Alberta police watchdog swamped as corruption, sexual misconduct investigations rise
ASIRT annual caseload has more than doubled since 2013
A spike in investigations into possible sexual misconduct and corruption within police ranks has contributed to a ballooning caseload for the Alberta Serious Incident Response Team.
The police watchdog agency took on 70 files from across the province last year — more than double the number of files assigned five years prior.
In both 2016 and 2017, allegations of sexual offences by law enforcement officials and corruption rose dramatically.
In some ways, the rising caseload is a sign of confidence in the system, said ASIRT executive director, Susan Hughson.
"There's an onus on the police services themselves to report and we've seen since 2014 really positive improvements in the way that's happening," she said.
"The system that's set up under the Police Act is improving. I think the police services themselves are buying into the process and buying into the benefit of an independent investigation."
ASIRT investigates serious or sensitive allegations of police misconduct, as well as incidents that result in serious injury or death. It's then up to Hughson to determine whether police conduct was lawful, or if criminal charges are warranted.
Corruption cases take time
In an "ideal world," ASIRT would have a separate anti-corruption team, Hughson said. Those investigations are long and complex, possibly involving search warrants, wire taps, and technological investigations.
In sexual-offence cases, multiple files are often opened on one person. Once allegations become public, more complainants often come forward, Hughson said.
"In a positive sense, the environment for reporting sexual offences has become a bit more open. So we are seeing more reporting, and that's across the board,whether it's with respect to police officers or the general public."
Two of the incidents allegedly occurred while Tress was on duty. In both cases, Tress is accused of asking women who had come into the Red Deer RCMP detachment to expose their breasts. In another case involving a third woman, Tress is accused of sexually assaulting her while off-duty.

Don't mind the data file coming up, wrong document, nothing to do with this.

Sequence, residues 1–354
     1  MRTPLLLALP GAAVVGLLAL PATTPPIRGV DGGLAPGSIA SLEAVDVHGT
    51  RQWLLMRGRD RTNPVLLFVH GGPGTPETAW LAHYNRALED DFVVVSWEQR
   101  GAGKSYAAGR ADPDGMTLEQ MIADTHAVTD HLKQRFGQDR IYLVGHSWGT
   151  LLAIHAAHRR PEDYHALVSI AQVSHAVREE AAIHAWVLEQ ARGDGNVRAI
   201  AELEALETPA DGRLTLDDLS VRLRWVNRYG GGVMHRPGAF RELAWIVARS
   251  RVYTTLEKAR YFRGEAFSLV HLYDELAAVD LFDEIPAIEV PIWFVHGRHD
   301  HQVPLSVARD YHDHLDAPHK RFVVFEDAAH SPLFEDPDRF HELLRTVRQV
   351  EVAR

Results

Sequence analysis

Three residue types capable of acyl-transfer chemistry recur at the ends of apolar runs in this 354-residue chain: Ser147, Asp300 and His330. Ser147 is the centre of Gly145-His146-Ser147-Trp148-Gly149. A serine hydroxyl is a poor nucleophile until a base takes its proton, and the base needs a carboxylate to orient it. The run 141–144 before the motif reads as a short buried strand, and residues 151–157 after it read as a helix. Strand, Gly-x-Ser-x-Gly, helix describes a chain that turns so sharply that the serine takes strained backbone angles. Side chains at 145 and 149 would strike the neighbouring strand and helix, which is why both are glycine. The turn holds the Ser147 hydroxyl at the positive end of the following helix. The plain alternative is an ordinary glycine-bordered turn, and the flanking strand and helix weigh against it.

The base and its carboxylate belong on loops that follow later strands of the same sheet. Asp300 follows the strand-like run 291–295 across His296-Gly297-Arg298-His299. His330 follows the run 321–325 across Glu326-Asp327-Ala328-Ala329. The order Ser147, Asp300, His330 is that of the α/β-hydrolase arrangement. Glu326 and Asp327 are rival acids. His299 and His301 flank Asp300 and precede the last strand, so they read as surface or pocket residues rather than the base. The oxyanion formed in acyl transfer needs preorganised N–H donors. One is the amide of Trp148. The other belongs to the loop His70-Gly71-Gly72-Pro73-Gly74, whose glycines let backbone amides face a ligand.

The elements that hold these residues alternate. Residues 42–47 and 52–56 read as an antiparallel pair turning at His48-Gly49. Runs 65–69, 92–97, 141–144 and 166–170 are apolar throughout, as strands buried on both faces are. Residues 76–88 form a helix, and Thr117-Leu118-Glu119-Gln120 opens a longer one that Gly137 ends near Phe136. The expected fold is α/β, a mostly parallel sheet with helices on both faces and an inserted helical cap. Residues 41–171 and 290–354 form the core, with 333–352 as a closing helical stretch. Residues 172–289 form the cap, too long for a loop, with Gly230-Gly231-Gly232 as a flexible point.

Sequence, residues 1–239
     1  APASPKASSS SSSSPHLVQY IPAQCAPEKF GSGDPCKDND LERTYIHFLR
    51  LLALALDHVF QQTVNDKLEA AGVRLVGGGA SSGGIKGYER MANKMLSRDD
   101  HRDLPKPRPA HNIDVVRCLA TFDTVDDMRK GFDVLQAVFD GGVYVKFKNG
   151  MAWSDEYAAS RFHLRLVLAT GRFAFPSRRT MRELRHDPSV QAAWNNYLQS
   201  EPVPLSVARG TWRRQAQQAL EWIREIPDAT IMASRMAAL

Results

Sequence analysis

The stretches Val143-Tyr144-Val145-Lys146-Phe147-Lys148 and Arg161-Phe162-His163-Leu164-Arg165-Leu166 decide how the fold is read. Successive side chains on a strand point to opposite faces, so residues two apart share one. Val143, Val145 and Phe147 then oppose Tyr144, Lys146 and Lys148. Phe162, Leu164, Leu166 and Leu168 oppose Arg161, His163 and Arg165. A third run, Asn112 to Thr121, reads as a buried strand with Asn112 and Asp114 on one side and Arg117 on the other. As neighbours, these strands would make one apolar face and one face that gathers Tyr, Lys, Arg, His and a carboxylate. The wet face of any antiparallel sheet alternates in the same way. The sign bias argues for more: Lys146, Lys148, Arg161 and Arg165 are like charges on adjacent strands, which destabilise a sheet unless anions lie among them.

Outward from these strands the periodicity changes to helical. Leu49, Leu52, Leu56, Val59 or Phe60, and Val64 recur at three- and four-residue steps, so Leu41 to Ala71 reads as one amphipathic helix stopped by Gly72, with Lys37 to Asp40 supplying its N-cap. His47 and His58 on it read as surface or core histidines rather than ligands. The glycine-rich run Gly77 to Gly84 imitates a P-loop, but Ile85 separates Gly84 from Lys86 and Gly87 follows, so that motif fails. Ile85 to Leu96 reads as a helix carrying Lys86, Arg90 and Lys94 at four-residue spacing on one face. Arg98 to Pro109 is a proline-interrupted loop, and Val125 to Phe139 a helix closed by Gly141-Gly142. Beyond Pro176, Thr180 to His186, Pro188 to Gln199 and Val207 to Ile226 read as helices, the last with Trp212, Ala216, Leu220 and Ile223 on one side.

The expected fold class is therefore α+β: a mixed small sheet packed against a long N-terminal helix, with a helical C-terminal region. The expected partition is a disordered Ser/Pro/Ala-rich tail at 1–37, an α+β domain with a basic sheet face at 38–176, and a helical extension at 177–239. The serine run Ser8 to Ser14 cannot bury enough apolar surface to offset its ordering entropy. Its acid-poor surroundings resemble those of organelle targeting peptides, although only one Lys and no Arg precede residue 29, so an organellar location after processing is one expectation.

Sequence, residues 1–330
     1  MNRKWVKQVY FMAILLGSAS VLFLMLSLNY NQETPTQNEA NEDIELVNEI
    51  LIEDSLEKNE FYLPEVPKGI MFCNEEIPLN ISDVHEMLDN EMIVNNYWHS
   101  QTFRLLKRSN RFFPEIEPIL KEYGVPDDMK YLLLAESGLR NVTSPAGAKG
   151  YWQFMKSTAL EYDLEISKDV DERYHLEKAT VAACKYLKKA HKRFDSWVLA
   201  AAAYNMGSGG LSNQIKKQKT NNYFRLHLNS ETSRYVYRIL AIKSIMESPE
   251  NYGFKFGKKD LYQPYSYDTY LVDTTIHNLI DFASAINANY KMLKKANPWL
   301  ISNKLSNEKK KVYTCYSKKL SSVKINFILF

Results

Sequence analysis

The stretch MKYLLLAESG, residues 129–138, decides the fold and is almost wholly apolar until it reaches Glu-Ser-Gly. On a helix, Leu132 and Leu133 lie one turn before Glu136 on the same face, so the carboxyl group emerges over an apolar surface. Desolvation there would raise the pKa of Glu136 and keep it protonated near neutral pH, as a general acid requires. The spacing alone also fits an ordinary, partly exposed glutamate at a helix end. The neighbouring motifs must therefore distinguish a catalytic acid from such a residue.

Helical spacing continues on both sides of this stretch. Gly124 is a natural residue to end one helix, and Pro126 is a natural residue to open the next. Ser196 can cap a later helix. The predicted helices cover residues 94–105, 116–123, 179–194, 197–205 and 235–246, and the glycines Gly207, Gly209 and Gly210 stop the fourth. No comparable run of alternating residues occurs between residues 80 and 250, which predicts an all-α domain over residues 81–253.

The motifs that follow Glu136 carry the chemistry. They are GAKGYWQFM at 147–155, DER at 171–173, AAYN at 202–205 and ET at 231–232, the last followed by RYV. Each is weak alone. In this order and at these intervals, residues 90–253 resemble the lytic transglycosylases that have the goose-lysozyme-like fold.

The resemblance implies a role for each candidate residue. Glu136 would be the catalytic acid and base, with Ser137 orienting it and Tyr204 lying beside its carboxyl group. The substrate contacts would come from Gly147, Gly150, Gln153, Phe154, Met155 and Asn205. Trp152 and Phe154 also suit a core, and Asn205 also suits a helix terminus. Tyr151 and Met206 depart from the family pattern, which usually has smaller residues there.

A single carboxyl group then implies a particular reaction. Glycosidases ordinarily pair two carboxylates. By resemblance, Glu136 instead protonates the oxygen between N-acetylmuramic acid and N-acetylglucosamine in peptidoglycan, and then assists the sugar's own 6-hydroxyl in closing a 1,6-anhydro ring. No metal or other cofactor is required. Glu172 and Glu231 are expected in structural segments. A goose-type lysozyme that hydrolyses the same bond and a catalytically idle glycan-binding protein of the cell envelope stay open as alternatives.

Tress is scheduled for a preliminary inquiry in October.
Hughson said there is "no one thing" that has contributed to the caseload that has her team at "100-per-cent" capacity.
There are also more "critical incidents" involving police. Many of those result from cases involving a civilian with mental health or drug addiction issues, which can "deteriorate into a critical incident," she said.
Cases where a person dies in police custody still raise the most interest — from the public and the families of those involved.
But those cases are often taking longer to conclude than before. ASIRT released a report only this week into the 2015 death of Walter Raddatz, who killed himself during a standoff with Edmonton police, after he fatally shot Const. Daniel Woodall.
'It's hard to get closure'
Funding for ASIRT from the department of justice and solicitor general has increased over the past four years, going from $3.14 million in 2014-2015 to $4-million in the current fiscal year. The office has hired legal counsel and a technical analyst with part of that funding.
But delays that have resulted from years of growing caseloads mean that many officers are waiting longer to see if their names will be cleared.
"I know ASIRT has got an important job to do, but the timeline for getting files concluded is not in everyone's well-being," said Sgt. Mike Elliott, president of the Edmonton Police Association.
"It's hard to get closure on both sides when there are files that are outstanding for a long time."
Hughson acknowledged that delays are hard on officers, their families, and complainants.
"Right here and now, it may take a little longer but I believe we're getting just outcomes.
"We cannot be wrong, we cannot make a mistake, because we make a mistake once and it will impact our reputation and public confidence and it isn't easy to get that back."